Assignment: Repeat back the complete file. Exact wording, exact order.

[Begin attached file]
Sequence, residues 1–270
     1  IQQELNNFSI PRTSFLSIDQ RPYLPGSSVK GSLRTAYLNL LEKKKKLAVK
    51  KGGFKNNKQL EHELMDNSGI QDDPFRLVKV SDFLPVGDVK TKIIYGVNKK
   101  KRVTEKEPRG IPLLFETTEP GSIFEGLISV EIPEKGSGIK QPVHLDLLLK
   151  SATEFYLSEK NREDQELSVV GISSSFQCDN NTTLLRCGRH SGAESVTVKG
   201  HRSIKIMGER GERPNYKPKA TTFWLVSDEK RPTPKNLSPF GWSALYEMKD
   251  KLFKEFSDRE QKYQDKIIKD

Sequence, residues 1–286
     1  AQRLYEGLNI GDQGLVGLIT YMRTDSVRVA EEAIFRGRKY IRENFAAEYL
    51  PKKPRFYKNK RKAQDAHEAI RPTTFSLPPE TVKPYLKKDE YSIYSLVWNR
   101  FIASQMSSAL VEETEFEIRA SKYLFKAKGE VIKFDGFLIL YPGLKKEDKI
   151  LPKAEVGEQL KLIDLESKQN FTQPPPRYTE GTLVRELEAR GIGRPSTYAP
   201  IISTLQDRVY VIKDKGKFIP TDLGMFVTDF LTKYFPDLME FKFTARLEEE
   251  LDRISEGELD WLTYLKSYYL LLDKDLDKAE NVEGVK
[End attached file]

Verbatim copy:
Sequence, residues 1–270
     1  IQQELNNFSI PRTSFLSIDQ RPYLPGSSVK GSLRTAYLNL LEKKKKLAVK
    51  KGGFKNNKQL EHELMDNSGI QDDPFRLVKV SDFLPVGDVK TKIIYGVNKK
   101  KRVTEKEPRG IPLLFETTEP GSIFEGLISV EIPEKGSGIK QPVHLDLLLK
   151  SATEFYLSEK NREDQELSVV GISSSFQCDN NTTLLRCGRH SGAESVTVKG
   201  HRSIKIMGER GERPNYKPKA TTFWLVSDEK RPTPKNLSPF GWSALYEMKD
   251  KLFKEFSDRE QKYQDKIIKD

Sequence, residues 1–286
     1  AQRLYEGLNI GDQGLVGLIT YMRTDSVRVA EEAIFRGRKY IRENFAAEYL
    51  PKKPRFYKNK RKAQDAHEAI RPTTFSLPPE TVKPYLKKDE YSIYSLVWNR
   101  FIASQMSSAL VEETEFEIRA SKYLFKAKGE VIKFDGFLIL YPGLKKEDKI
   151  LPKAEVGEQL KLIDLESKQN FTQPPPRYTE GTLVRELEAR GIGRPSTYAP
   201  IISTLQDRVY VIKDKGKFIP TDLGMFVTDF LTKYFPDLME FKFTARLEEE
   251  LDRISEGELD WLTYLKSYYL LLDKDLDKAE NVEGVK